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Friday, September 7, 2012

When in Spain, You Must Eat ‘Churro Chocolaatey’

We live in a better world. There are hardly any secrets left. World Wide Web answers most of our queries from the easy comfort of our home. We have TV, movies, reality shows, visitors that educate us, transporting us to most weird places which we would never dream of going, exposing us to the customs and culture of world beyond our reach.


Many years ago, when there was no Google, no u-tube, no web connection, World was a lonely place. People met only those who lived just few miles away. Adventurous people travelled to new places to explore different regions of the world. When they returned, they brought back stories to share about the different culture, their dressing style and their food habits.

One theory is that once an adventurous Portuguese man travelled to HongKong, Hunger pangs took him for a walk in search of something to eat. He drooled when he followed the smell of frying bread. There was a group of Chinese men sitting in a way-side restaurant, dipping the fried bread in the hot porridge and eating.

Seeing his hungry expressions the Chinese men invited him to share their meal.

"What is this?" he asked holding the crispy fried bread in his hand.

"This is 'You Tiao'" they said.

He loved 'You Tiao' so much that he started visiting this place everyday.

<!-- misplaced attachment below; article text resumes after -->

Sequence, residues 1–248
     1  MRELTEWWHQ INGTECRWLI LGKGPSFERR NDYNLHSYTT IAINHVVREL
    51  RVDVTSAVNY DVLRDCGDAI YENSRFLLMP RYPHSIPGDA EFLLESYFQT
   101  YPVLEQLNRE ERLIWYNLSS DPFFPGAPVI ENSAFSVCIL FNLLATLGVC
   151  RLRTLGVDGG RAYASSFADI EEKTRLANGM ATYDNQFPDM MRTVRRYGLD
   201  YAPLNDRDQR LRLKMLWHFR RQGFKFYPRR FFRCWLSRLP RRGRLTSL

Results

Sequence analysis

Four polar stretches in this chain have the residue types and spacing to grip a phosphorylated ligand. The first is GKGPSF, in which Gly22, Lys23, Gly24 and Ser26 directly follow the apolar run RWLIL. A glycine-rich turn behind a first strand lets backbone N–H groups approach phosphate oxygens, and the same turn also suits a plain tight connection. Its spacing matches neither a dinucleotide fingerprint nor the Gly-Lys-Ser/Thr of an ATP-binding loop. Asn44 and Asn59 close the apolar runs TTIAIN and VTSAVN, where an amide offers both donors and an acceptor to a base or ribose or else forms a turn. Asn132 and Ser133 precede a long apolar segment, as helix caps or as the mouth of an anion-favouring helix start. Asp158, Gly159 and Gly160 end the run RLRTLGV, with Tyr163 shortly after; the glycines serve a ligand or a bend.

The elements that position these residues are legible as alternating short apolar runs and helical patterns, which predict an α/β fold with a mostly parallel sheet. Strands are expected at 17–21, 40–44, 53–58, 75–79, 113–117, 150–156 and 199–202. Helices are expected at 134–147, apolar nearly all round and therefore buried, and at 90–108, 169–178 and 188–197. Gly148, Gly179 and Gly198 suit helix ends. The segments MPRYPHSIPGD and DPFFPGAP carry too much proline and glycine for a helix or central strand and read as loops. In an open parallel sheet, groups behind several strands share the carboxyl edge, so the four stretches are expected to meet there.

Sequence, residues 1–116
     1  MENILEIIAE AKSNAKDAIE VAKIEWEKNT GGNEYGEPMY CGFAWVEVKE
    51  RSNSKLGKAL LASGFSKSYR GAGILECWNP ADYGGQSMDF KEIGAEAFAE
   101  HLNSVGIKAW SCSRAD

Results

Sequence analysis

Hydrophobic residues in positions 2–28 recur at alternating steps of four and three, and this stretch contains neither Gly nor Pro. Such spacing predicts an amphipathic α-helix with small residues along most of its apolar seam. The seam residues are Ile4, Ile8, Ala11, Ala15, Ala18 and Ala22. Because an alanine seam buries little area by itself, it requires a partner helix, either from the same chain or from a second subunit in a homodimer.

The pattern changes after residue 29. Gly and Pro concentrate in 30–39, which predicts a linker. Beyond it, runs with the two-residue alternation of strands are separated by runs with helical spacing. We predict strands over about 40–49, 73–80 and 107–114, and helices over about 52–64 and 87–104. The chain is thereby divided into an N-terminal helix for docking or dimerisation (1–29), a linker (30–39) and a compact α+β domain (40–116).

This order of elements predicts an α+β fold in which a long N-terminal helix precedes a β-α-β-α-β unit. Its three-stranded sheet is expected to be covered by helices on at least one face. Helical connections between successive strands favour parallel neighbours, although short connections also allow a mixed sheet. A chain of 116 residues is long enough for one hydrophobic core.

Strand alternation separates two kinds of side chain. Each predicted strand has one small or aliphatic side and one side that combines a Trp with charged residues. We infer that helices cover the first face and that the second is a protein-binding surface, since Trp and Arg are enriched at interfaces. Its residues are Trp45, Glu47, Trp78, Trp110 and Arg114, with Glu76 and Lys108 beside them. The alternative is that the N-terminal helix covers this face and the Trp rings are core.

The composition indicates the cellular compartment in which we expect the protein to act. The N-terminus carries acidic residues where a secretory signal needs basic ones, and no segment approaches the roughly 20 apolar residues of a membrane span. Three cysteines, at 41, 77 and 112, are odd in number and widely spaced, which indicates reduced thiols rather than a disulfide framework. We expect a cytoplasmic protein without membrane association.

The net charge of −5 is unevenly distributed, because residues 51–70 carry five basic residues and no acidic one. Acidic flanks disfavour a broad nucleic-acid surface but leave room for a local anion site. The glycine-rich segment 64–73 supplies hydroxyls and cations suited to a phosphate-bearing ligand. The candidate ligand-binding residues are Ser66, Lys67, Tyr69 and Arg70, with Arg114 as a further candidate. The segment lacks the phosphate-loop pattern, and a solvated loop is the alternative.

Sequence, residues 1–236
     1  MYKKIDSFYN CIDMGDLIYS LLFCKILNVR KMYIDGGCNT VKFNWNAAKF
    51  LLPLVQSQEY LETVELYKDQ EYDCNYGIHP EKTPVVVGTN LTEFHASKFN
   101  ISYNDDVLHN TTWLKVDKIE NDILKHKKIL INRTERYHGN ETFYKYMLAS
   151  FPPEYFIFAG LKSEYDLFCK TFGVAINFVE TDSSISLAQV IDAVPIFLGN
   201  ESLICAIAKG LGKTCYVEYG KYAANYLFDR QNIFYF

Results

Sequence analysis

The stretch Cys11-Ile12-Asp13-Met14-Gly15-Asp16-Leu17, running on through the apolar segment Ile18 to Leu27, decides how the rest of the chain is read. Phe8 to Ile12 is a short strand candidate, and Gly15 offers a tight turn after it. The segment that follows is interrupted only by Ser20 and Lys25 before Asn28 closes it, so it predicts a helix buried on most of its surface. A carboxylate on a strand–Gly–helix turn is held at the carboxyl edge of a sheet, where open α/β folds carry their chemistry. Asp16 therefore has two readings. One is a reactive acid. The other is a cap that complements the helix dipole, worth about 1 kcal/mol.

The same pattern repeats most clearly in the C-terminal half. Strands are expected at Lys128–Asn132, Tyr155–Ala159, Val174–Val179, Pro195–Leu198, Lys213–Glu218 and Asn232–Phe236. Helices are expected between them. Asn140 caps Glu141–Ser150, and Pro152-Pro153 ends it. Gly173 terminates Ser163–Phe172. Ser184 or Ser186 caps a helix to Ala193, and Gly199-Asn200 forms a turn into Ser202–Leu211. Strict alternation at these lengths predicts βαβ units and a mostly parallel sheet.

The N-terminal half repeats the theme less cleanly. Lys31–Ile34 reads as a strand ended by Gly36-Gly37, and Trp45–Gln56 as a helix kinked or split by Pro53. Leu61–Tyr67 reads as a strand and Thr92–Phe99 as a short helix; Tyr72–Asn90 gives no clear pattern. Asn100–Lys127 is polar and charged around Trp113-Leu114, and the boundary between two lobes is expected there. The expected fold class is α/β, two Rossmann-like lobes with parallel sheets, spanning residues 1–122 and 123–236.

He thought that it would be nice if he could take back the culinary technique  to Europe so that people in his country could enjoy it too.

But unfortunately, nobody was willing to share the cooking secrets with him.

The Chinese Emperor had made it a crime with capital punishment to share the knowledge with the foreigners. 

Thus although he relished ‘You Tiao’ he could not learn the Chinese skill of ‘pulling’ the dough. 

As a result, when he returned back home, he tried to explain it in the best way to reproduce the same taste.

They modified the dough, introducing a star design through star shaped die.

Thus Churro came to exist in Spain

Churro are often sold by street vendors, who fry them freshly on the street and sell them hot. They are crunchy and are either sprinkled with sugar or served with hot chocolate.

This is the must-have-snack for me when I come to Spain.

A batter of flour, sugar and salt is piped out from large Churrera through a star-shaped nozzle into the pan containing hot oil. This reminded me of the Jalebi hawker on Indian street who pipe out the batter in concentric circles into hot pot of oil. 

 The chef controls the flow of the batter by moderating the valve.

With the help of two steel rods, he controls the flow into spiral motion forming concentric ring.

he stirs it for even frying of the batter on all sides

When they are crisp and browned, he carefully lifts the fritters

Tosses them on a countertop

 cuts them with the scissors into strips

and serves it either with sprinkled sugar granules or with the cup of hot chocolate.

Best time to enjoy this snack is in the cold, winter, early morning, preferably at 5am, if you are awake.....or returning home from late night parties.

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